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Virtual Reality: Scientific and Technological Challenges 10 Networking and Communications Computer networks offer real-time interaction among people and processes without regard to their location. This capability coupled with virtual environments (VE) makes telepresence applications, distance learning, distributed simulation, and group entertainment possible. It has been suggested that the most promising use of VE and networks will be in applications in which people at different locations need to jointly discuss a three-dimensional object, such as radiologists using a VE representation of a CT (computer-assisted tomography) scan (Pausch, 1991) or aeronautical engineers using a distributed virtual wind tunnel (Bryson and Levit, 1992). Another exciting concept is that of virtual libraries, like the one being developed at the Microelectronics Center of North Carolina. This project, Cyberlib, will allow patrons to enter "the information space independently" or go to a "virtual reference desk" from anywhere across the United States via the Internet (Johnson, 1992). We already have virtual newspapers. The San Jose Mercury News publishes its entire text (including classified advertisements) via the American Online Service using graphically based software for the Macintosh and IBM personal computers. VE and high-speed networks are the tools that will allow us to explore Mars and the earth's oceans. The National Aeronautics and Space Administration's Ames Research Center is examining the use of VE to control robot explorers. Scientists at the Monterey Bay Research Institute are integrating such diverse technologies as computer simulations, robotics, and VE with a sophisticated undersea local-area network to explore the nation's newest marine sanctuary.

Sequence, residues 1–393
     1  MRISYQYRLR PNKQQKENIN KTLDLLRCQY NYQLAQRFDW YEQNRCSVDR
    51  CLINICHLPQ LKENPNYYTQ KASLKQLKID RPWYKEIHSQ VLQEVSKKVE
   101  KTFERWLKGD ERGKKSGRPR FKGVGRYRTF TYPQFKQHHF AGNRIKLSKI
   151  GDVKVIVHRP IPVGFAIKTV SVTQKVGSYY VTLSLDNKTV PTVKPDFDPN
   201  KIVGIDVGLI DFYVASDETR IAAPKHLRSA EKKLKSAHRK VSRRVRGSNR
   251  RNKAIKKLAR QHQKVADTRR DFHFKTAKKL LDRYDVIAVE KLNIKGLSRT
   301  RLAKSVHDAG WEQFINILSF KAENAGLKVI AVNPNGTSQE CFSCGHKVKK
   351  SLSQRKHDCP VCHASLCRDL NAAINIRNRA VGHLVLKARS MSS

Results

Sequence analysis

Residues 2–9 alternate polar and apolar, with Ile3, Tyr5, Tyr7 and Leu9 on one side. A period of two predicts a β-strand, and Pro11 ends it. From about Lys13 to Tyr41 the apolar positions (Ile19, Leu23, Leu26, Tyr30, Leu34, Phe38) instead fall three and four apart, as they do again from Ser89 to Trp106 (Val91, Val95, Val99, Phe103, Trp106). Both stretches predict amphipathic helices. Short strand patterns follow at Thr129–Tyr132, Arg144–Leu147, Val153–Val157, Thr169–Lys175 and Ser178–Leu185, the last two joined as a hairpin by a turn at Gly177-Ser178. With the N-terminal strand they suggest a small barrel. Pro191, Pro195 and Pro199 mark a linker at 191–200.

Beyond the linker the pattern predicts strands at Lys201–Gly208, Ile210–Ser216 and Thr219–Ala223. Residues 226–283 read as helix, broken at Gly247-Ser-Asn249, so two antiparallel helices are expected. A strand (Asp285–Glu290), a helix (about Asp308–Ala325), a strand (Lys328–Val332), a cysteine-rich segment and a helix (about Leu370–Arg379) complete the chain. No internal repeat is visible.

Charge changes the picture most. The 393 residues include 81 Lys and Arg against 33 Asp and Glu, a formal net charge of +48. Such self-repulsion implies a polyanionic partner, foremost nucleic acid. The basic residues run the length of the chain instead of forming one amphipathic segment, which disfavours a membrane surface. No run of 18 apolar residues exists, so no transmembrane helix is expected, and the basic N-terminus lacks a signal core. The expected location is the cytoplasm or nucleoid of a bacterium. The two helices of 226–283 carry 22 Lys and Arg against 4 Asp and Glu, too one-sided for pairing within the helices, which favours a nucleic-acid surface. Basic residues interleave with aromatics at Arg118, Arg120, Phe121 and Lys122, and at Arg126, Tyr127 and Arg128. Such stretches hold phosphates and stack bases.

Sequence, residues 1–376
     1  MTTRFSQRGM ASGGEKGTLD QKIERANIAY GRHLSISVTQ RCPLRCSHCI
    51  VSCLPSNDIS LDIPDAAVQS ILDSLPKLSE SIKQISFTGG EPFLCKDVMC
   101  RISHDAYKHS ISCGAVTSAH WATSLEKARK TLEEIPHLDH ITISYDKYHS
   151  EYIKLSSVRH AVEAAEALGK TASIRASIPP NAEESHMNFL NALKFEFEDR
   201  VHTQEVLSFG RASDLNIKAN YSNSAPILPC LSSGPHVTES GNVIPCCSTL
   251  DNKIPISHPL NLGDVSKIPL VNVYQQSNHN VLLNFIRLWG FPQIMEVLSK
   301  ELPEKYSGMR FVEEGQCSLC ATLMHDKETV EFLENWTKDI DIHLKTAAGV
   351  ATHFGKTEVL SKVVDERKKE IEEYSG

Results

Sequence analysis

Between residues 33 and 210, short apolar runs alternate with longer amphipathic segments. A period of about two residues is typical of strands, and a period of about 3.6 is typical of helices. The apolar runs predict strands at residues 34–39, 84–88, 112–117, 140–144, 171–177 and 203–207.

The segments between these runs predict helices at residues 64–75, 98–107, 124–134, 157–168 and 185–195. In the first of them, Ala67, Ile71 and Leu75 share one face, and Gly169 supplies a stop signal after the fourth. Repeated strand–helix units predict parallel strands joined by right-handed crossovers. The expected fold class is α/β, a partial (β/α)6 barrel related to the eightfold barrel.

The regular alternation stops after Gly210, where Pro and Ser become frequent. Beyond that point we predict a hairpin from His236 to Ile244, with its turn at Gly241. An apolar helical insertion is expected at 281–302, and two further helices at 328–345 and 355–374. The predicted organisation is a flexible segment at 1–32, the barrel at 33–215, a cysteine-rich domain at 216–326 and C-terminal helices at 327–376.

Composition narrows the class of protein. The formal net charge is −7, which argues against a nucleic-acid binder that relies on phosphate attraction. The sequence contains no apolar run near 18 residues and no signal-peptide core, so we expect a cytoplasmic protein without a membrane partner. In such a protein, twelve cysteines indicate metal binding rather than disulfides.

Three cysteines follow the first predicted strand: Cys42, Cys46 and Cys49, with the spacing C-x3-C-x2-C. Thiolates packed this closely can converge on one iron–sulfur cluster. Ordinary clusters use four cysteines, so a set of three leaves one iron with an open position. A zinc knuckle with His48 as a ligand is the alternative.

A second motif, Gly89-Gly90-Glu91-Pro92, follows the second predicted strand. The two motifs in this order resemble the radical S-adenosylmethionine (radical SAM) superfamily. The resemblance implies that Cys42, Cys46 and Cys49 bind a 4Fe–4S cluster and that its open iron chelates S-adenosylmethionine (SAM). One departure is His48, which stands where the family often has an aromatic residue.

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Virtual Reality: Scientific and Technological Challenges The Department of Defense's Advanced Research Projects Agency (ARPA) has also recognized the importance of networks with regards to VEs in one of its seven science and technology thrusts. Since 1984 ARPA has funded the simulation network (SIMNET) system, which enables simultaneous participation of approximately 300 players in simulated aircraft and ground combat vehicles located in Europe and the United States on the same virtual battlefield. ARPA is currently working on a much larger technology demonstration to "create a synthetic theater of war" using the Defense Simulation Internet (DSI). This network will link thousands of real and simulated forces all across the United States (Reddy, 1992). It is anticipated that, in the future, high-speed networks will allow VE systems to take advantage of distributed resources, including shared databases, multimedia sources, and processors, by providing the required computational power for building the most demanding applications. High-speed networks will provide VE applications with access to huge datasets generated by space probes, dynamic climatic information from weather models, and real-time imaging systems such as ultrasound. One less serious but rather lucrative combination of VE and networking that is currently in use is multi-user interactive VE games offered by Genie and Sierra Online services. These games are provided over slow telephone lines with limited graphics. Other upcoming cooperative arrangements are planned between VE and cable television. Some examples of these are the promise of multi-user games by Sega and Nintendo and the development of virtual Walmart department stores by the Home Shopping Network. STATUS OF THE TECHNOLOGY Distributed VE will require enormous bandwidth to support multiple users, video, audio, and possibly the exchange of three-dimensional graphic primitives and models in real time. Moreover, new protocols and techniques are required to appropriately handle the mix of data over a network link. The technologies providing these gains in performance blur the traditional distinction between local-area and wide-area networks (LANs and WANs). There is also a convergence between networks that have traditionally carried only voice and video over point-to-point links (circuit-switching) and those that have handled only data such as electronic mail and file transfers (packet-switching). Wide-Area Networks The fabric of our national telecommunications infrastructure is being radically altered by the rapid installation of fiber optic cabling capable of